- Victory / Forfeit Conditions – This is an important one. When do you win? When do you lose? Is this a zero sum game? In Monopoly, all you have to do is survive until all the other players lose. Losing is defined by the point where your debts outnumber your assets. In Poker, you win a round with the best hand. Who wins at a series of rounds of Poker? Perhaps everyone who leaves richer than they came to the table? The one who walks away with the most chips? The one who took home the most money in relation to his or her regular paycheck? You can see how we might define victory in a whole series of different ways. And if we’re playing together, hopefully we can agree on that definition, or at least each of us understand the definition the other is working with! Finally, let’s talk about zero sum games. Lots of the games we play are zero sum. One person wins Monopoly when everyone else loses. There can only be one winner. I win when you lose and vice versa. Is that how life works? I pose that as a question, because, like everything else we’re discussing here, it’s up for interpretation. We like to posit the theory that life is rarely a zero sum game – that often, we overlook the simplest solution – that we all come out best when we all win. It’s amazing how often bad interactions come from simply overlooking the fact that a situation is not zero sum.
- Resources – Usually, in order to win a game, you need to use some sort of resources – what do you spend? In Monopoly, it’s play money, and you could make the argument that the properties are resources too. In Poker, we use chips, and maybe real money, depending on how we play. In a game like Hide and Seek, your resources are part of your environment. Hide and Seek in an open field is a different game than Hide and Seek in a neighborhood, in a school, or at a playground. What are your resources? Money, and time are givens. What else can you leverage in order to get to your victory conditions? What can you spend in order to get what you want? Sometimes, we come to a solution for the stickiest of problems by leveraging resources we didn’t even realize were on the table.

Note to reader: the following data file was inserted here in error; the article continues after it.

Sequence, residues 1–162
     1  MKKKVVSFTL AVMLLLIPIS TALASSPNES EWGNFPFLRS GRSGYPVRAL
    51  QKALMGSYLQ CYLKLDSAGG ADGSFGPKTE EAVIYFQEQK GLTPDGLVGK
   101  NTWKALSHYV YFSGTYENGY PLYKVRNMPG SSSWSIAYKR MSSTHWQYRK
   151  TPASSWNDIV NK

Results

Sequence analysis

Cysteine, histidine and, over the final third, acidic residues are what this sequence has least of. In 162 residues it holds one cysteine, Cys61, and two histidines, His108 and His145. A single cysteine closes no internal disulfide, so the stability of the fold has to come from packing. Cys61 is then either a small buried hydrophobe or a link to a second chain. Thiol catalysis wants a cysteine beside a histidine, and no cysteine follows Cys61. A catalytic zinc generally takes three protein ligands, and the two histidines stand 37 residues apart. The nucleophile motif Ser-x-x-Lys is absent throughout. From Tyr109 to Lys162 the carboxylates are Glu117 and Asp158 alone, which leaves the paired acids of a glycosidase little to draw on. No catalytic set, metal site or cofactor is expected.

- Elements of strategy and luck – Some games use all strategy and no luck, and vice versa, but the games that we enjoy the most usually incorporate some combination of the two. Monopoly involves careful thought in deciding which properties to purchase and when to build, but a bad roll of the dice can cost you a great deal or send you to jail. Business and life involve strategy as well as a good dose of luck. The best gamers will tell you that the way to situate yourself in a game is to hold out for big gains when luck falls your way, but to use that strategy to insulate yourself as much as possible for a bad roll of the dice. Game the rules right in Dungeons and Dragons, and the only chance for failure is a roll of 1 on a 20 sided die. Those are pretty good odds. Identifying where the hinge pins of strategy and luck rest in our businesses and lives is a good way to build a playstyle that wins more than it loses.
The intersection of games and life is one that anthropologists, psychologists, philosophers, and even economists and mathematicians have pondered for ages. We apply this theory to a lot of life, and right now, we’re teaching a course on applying it to Conflict Management called Conflict: A Serious Game. It’s part of our ‘Terraforming Mars’ series on company culture.
We’re offering this session at ABC’s Advanced Leadership Retreat on October 19th and 20th at Icicle Village Resort in Leavenworth, Washington.
Sign up today!